I’m a parent of two children in Toronto, Ont., an administrator at the University of Toronto and a graduate student in higher education, also at U of T. I was taking a graduate course on the theories of Michel Foucault, the French philosopher, and for a fall-term assignment was asked by my teacher to “make strange” with something around me. He explained to us the idea of “making strange” by using the example of Bertolt Brecht. Brecht would design theatrical productions that exposed to the audience the lights and the ropes that were needed to put on the play. We were asked to deliberately look at something in a new way, to “expose the lights and the ropes,” make strange with something and challenge our taken-for-granted assumptions. That assignment not only made me “make strange,” it made me unsettled.
Earlier in the year, my son, then a Grade 3 student, wrote the Education Quality and Accountability Office Assessment, the EQAO. About a week before the EQAO began, my son was a bit nervous, and I told him that it wasn’t a test about him, but a test of the school and his teachers, adding that it would be good practice. He wrote the EQAO over the course of a few days and as usual, when asked how it went, his response to us was, “Okay, I guess.”
While I was starting my “making strange” assignment, my son had progressed to Grade 4 and we were waiting for his EQAO scores to come back. In the morning, I would drop my kids off at their before-school daycare, get on the streetcar to head to work, and read about torture and the formation of prisons in Foucault’s Discipline and Punish. I came across the chapter on docile bodies and thought of my ever-active eight-year-old son sitting down to write a standardized test over the course of a week. I read about manufacturing spaces, partitioning and enclosure and I remembered how happy my son was at the start of the school year when he got his own desk. Foucault writes, “In the eighteenth century, ‘rank’ begins to define the great form of distribution of individuals in the educational order… rank attributed to each pupil at the end of each task and each examination.” I was starting to see connections. I would read about timetables and structure in Foucault and think about my own kids in their own structured environments like school and daycare. I read through the chapter titled “The Means of Correct Training” and I began to feel a bit uneasy.
My reading of Foucault continued that fall, venturing into surveillance and disciplinary spaces, efficiency, normalizing judgement, correction and hierarchy. Meanwhile, my friends were indicating that their own kids had received their EQAO scores back, but my son still had not. Finally, I emailed his teacher to ask about the results, and the next day my son said that he’d received them; then he told us that at some point between getting the form handed to him at the end of class and leaving his daycare, he had lost it.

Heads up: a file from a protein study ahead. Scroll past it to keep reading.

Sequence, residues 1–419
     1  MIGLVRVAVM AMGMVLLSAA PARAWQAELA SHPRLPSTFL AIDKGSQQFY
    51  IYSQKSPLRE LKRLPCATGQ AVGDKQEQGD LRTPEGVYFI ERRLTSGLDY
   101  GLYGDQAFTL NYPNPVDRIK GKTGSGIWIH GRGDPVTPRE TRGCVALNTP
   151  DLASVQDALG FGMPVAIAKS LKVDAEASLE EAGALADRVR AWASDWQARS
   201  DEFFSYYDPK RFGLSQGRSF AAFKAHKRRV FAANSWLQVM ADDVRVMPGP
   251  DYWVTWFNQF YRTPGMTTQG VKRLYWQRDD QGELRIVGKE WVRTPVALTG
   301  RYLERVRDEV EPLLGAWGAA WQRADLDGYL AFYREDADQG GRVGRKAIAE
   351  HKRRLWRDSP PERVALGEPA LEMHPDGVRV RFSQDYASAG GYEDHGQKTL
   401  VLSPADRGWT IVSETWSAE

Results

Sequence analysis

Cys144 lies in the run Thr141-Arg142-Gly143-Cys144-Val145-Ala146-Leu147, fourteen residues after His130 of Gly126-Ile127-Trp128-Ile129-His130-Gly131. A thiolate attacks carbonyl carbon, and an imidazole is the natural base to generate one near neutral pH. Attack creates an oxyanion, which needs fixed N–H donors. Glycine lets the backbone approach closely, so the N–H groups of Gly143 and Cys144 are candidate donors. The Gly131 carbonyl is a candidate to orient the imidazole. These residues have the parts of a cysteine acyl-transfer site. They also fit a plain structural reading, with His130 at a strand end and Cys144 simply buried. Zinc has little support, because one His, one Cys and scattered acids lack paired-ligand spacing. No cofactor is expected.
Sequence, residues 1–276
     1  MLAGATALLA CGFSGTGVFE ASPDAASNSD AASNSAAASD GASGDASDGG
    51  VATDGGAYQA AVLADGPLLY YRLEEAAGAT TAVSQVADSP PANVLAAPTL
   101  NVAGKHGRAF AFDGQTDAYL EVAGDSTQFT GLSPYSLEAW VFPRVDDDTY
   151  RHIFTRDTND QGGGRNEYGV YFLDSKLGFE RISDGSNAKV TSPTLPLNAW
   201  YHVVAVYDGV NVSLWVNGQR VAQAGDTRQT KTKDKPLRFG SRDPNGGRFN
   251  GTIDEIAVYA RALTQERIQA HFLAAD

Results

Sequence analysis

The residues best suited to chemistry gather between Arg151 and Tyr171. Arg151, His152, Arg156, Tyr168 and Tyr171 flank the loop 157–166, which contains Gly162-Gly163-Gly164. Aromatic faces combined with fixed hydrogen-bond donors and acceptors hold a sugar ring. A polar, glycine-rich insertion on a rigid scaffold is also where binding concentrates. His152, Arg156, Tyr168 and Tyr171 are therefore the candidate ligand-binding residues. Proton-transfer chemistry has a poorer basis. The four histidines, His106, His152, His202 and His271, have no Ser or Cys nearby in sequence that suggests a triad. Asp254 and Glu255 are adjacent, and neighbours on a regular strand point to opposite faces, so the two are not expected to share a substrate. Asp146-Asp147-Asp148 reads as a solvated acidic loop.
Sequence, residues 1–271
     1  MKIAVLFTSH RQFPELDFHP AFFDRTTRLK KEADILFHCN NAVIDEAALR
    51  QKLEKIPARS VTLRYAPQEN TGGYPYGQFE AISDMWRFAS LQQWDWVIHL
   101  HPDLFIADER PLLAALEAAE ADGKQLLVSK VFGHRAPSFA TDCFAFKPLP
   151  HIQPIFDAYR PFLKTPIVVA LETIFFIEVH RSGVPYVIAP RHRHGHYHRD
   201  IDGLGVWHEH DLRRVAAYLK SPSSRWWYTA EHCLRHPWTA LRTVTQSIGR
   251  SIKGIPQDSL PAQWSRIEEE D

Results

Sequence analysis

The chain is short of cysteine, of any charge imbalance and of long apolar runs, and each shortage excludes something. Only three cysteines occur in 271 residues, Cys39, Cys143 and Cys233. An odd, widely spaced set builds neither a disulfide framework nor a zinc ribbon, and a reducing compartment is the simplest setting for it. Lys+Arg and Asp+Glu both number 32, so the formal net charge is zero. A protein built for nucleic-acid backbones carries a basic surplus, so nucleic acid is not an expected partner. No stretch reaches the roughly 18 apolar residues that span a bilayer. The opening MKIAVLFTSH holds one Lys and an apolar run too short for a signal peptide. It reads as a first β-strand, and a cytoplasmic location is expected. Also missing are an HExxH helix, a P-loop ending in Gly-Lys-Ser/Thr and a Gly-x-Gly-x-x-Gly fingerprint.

What followed was not my finest parenting moment: “What do you mean, you lost your scores? We’ve been waiting for them since May! Are you telling me your private test scores are sitting somewhere in the school for anyone to see? How could you lose them – they’re important!” This went on. After the kids went to sleep, I purposefully reread parts of Foucault. “The examination,” he writes, “combines the techniques of an observing hierarchy and those of a normalizing judgement. It is a normalizing gaze, a surveillance that makes it possible to qualify, to classify and to punish. It establishes over individuals a visibility through which one differentiates them and judges them.” This bewildering categorization to which the standardized test subjects my son to is a form of power: a form of power that schools exercise upon their students and that mothers exercise upon their sons.
My son eventually did bring home his EQAO assessment. His individuality had been reduced to a graphic, three grey bars and black squares set against four levels ranked against a provincial standard that is not even explained. I can only describe my feeling of reading the assessment as a combination of relief and utter disappointment: relief that he did okay – and disappointment that it mattered so much to me.
Illustration: Dave Donald
First published in Education Canada, June 2016
1 Michel Foucault. Discipline and Punish: The birth of the prison, trans. M. Sheridan (New York: Vintage Books 1995), p. 146.
2 Foucault, Discipline and Punish, p. 184.